Under the two circumstances presented, I recommend that Harriet Burns and Richard Irvine should finance the purchase of Harmonic Hearing Co. through the deal proposed by the private equity firm, Comet Capital. This proposal best aligns with Burns and Irvine’s goal to select an option that offers the “best combination of cost, expected return of their ownership interest and financial flexibility.” To evaluate the two alternatives, a comparison based on IRR was assessed. Harrison Price’s proposal, which relies almost entirely on debt financing, offers an IRR of 215.5% (Appendix A). On the other hand, Joe Fowler’s proposal, which consists of equity financing, offers an IRR of 402.5% and also fulfills Comet Capital’s required rate of return of 27% (Appendix B). The main advantage of equity financing over debt financing, displayed in this case and in the real world, is the financial freedom and stability offered by the private equity firm. Burns and Irvine do not have to deal with the large burden of paying back debt. This report will compare the two financing alternatives proposed and highlight the pros and cons of each scenario. In addition, potential risks will be addressed and possible scenarios that may affect the valuation in the future will be looked at.
Harrison Price’s Proposal (Debt)
The proposal put forth by Harrison Price used a combination of the individual alternatives identified by Burns and Irvine. The heavy majority of the financing would come through debt, which would allow the duo to “retain 100% ownership of Harmonic.” This is a significant advantage of this proposal as Burns and Irvine will not have to worry about keeping investors happy and will also have full control of the operations and direction of the company. Another advantage of debt financing presented in this case is the reduced income tax. The interest being paid on the loans is tax-deductible meaning that part of the business income is shielded from taxes and therefore lowers the tax liability. This really is a double edged sword as there is no interest expense at all in the equity alternative. A drawback of the proposal is the overall burden of debt. The greatest risk this proposal entails is the possibility that Burns and Irvine are unable to keep up a sufficient cash flow and ultimately will have to give up the company to their creditors. Another drawback, being particular to Harmonic Hearing Co., is that the lack of sufficient internal cash would cause the release of their new hearing aid to be delayed by one year. This one year delay would “reduce their market share when it entered the market” and ultimately lead to lower gross profit margins. Furthermore, when comparing the two alternatives, the increased financial burden is heavily apparent when looking at the income statement. The fixed lease and rent payments greatly impact the net income as they slash the operating income by about 20% each year. In comparison, the interest expensed in the equity scenario usually only cut into the operating income by about 6 or 7%.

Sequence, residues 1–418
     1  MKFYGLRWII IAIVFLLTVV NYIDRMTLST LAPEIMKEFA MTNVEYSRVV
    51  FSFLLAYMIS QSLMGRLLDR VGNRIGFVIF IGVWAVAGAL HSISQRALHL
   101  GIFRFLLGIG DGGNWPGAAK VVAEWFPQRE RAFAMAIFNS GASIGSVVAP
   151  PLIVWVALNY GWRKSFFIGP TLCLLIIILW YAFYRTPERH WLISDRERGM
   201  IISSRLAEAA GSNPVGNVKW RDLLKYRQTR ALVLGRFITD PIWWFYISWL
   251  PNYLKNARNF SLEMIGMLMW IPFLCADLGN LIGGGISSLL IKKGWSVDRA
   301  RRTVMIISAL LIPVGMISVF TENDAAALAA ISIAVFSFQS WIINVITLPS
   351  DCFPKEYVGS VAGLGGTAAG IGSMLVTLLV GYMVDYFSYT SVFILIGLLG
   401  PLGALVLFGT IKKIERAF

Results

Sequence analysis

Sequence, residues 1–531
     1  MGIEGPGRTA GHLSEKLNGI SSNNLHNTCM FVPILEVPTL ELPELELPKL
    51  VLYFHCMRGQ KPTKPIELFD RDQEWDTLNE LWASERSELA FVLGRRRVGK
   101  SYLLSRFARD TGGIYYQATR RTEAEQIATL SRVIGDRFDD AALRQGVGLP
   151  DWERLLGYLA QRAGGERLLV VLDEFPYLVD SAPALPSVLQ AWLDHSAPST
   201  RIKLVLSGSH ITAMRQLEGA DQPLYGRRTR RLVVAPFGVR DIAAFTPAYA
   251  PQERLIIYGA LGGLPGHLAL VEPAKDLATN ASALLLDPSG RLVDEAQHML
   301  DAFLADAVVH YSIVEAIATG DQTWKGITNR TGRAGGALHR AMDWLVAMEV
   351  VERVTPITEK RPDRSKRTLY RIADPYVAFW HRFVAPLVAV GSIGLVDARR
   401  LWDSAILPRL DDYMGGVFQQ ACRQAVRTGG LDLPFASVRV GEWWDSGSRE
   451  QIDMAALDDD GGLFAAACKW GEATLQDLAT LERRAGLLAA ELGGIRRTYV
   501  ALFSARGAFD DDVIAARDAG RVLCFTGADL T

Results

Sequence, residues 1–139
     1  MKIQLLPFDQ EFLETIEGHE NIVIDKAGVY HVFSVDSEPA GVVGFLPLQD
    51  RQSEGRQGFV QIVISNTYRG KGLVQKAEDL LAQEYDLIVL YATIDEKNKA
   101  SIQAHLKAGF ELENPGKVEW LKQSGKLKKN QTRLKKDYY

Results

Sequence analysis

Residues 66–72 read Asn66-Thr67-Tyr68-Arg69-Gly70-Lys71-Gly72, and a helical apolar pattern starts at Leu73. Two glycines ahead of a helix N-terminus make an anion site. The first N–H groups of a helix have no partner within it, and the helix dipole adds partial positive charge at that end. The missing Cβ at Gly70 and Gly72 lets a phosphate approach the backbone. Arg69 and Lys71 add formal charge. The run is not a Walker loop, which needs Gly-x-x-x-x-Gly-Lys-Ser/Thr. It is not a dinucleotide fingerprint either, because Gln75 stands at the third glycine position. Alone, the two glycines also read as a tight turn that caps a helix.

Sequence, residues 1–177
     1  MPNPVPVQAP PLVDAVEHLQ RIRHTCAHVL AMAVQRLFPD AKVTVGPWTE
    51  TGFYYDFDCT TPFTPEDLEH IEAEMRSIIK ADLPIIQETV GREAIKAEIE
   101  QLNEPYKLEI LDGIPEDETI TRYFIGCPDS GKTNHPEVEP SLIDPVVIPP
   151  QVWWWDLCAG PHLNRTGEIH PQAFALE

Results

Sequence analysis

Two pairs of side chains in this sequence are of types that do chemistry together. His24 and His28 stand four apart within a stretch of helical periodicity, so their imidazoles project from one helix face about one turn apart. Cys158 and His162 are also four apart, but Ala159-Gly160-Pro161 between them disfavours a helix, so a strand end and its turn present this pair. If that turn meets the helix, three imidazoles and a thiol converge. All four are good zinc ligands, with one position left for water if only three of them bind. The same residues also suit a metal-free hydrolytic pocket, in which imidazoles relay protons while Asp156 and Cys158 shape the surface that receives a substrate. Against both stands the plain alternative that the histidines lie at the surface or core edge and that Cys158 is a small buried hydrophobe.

Subsequently, there are a number of very realistic scenarios that would put a lot of pressure on Burns and Irvine if they were to unfold. Firstly, an interest rate hike would cause many problems. In order to make up for the rise in interest rates, their investor may decide to transfer the burden down the chain to them. This may cause higher rent payments or higher interest rates on their personal guarantee. Another realistic risk is the possibility of a real estate boom. The property had “significantly appreciated in value” since Otis Wren has purchased the land and building and if that were to happen again in a short amount of time; the IRR would be greatly reduced. For example, if the land and building were to double in market value, the IRR would drop to a mere 3% (Appendix C). A third scenario would be if Burns and Irvine...